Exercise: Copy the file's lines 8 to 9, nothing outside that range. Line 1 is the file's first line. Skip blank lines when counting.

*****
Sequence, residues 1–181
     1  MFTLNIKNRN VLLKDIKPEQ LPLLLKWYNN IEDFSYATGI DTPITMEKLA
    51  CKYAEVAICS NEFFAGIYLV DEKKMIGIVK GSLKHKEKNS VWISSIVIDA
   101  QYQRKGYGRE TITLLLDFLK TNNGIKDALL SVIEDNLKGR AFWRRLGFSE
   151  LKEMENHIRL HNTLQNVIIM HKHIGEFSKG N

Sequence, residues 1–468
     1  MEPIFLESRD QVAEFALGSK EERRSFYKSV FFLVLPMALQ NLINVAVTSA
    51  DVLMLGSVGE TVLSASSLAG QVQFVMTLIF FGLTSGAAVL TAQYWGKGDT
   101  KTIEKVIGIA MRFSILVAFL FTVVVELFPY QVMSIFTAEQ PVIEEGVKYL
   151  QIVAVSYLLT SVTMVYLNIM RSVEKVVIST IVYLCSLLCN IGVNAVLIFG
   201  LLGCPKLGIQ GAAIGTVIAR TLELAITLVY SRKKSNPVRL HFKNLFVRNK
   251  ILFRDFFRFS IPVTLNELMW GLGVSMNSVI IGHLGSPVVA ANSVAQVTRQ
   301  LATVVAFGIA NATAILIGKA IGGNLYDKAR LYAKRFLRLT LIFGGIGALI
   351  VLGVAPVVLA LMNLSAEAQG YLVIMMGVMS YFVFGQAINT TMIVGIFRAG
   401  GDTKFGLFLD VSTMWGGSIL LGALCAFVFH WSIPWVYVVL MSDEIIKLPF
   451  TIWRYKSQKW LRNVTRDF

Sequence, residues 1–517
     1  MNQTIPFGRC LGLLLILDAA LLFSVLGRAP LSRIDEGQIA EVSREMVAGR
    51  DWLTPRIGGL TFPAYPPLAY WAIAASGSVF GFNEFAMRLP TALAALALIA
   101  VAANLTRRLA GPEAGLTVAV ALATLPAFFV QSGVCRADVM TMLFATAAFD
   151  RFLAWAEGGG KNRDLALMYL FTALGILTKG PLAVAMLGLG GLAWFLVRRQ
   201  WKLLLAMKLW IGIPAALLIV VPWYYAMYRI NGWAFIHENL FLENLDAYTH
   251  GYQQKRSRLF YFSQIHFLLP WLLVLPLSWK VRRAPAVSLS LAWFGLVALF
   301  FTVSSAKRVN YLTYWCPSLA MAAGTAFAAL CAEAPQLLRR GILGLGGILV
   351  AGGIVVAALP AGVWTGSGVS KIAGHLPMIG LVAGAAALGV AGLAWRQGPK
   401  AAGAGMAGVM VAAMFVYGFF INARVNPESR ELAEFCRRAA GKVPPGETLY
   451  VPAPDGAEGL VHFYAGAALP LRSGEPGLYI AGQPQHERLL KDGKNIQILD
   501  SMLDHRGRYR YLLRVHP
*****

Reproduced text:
    51  DVLMLGSVGE TVLSASSLAG QVQFVMTLIF FGLTSGAAVL TAQYWGKGDT
   101  KTIEKVIGIA MRFSILVAFL FTVVVELFPY QVMSIFTAEQ PVIEEGVKYL